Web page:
Work isn’t paying – but the North can act now to fix that

We struggled to come up with a good picture for this one, not gonna lie. Image: Getty.

Yesterday, the National Living Wage rose to £8.21 an hour, benefitting 2.4 million workers. But those workers are still paid less than they need to live –79p an hour less than the Real Living Wage of £9 an hour outside London.

Conventional wisdom suggests that work is a route out of poverty, and we live during a time where “record highs for UK jobs” are celebrated. But this is clearly not the full picture.

In the North of England, five years of talk about the Northern Powerhouse have yet to feed through to the wages northern people take home from work. The North’s employment rate is high, at 74 per cent. But weekly pay has fallen £21 since 2008 in the North and 1 in 5 jobs in the region pay less than the Real Living Wage, leaving 2 million working age Northerners living in poverty.

But in these challenging circumstances, the North is fighting back. With another metro mayor soon to join the North’s four existing elected mayors, there is another opportunity to demonstrate local leadership.

In the North, many public bodies are fighting back against low pay. Preston isn’t the only council with strong policies in this area, but it is rightly lauded for the Preston Model, using the Real Living Wage as one tool in its community wealth-building arsenal.

Other places are also fighting low pay. Sheffield City Council, Greater Manchester Police, and Northumberland, Tyne and Wear NHS Foundation Trust are some of 64 Living Wage Foundation accredited Northern public sector organisations.

When it comes to procurement, these organisations are working around and overcoming the legal and financial challenges often raised.

But of course, there is more to work than decent pay: job security, autonomy, and training all matter to workers. These are things councils and public bodies can require of contractors now.

Mayors like Andy Burnham and Steve Rotherham are drawing up employment charters to promote their visions of decent work which feature secure, well-paid, and fulfilling jobs with training and progression. We need to see more of this work across the North.


The wider impact of decent work

Next month, the North of Tyne region elects its first Metro Mayor, who must look to prioritise decent work in this area too. As IPPR North has previously recommended, the successful candidate should implement a Real Living Wage policy, starting with those directly paid or contracted by the Combined Authority and then influencing other public bodies.

The mayor should develop an employment charter too, consulting with employers, workers and trade unions to encourage decent work principles in the wider economy.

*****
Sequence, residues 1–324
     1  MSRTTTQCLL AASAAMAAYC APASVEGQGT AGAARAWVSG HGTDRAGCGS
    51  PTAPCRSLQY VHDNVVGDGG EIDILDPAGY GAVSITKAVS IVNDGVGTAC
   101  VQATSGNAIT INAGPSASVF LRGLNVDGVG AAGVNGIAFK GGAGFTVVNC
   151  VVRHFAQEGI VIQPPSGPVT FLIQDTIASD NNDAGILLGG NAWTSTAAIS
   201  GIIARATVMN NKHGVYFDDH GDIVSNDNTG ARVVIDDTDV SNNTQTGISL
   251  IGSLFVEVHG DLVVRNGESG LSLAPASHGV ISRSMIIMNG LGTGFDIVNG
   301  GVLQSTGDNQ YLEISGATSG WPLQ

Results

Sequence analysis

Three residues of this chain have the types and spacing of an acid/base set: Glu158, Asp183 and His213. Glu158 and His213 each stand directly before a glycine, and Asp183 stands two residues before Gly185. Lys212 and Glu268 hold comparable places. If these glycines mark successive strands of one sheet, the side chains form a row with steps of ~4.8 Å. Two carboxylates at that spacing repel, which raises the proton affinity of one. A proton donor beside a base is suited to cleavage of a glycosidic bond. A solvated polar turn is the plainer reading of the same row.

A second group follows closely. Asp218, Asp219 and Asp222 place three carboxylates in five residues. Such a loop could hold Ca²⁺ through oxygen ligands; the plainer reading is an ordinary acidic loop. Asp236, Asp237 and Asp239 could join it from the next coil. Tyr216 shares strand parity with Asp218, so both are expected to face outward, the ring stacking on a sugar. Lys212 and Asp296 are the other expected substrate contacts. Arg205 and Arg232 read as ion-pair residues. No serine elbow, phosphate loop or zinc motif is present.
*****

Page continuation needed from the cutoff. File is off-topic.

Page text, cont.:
The positive impact of these policies extends further than the workers who are directly affected. The IPPR Commission on Economic Justice found low wages are as much a cause of national low productivity as a by-product of it: this means more people being paid the Real Living Wage could actually help raise productivity. It could also help boost struggling local economies, as workers buy the goods and services they need locally. Furthermore, the Treasury stands to gain from increased tax revenues.

Clearly central government must take action on low pay for the full effect to be felt by all. But low-paid workers cannot afford to wait.

Local leaders can start making a difference to their communities now. They should take the opportunity to do so.

Marcus Johns is a Researcher at IPPR North. He tweets @CllrMarcus.

 
 
 
 

Podcast: Beyond the wall, with John Lanchester

A sea wall in Japan. Image: Getty.

This week it’s another live episode, of sorts. In early April I was lucky enough to chair an event at the Cambridge Literary Festival with the journalist and novelist John Lanchester.

John was mostly there to promote his latest novel, The Wall, a “cli-fi” book about a Britain trundling on after catastrophic climate change has wiped out much of the planet. In the past he’s also written about other vaguely CityMetric-y topics like the housing crisis and the tube - so he’s a guest I’ve been hoping to get on for a while, and was kind enough to allow us to record our chat for posterity and podcasting purposes.

Incidentally, I didn’t find a way of turning the conversation to the tube. We do lose ten minutes to talking about Game of Thrones, though.

The episode itself is below. You can subscribe to the podcast on AcastiTunes, or RSS. Enjoy.

Jonn Elledge is the editor of CityMetric. He is on Twitter as @jonnelledge and on Facebook as JonnElledgeWrites.

Want more of this stuff? Follow CityMetric on Twitter or Facebook.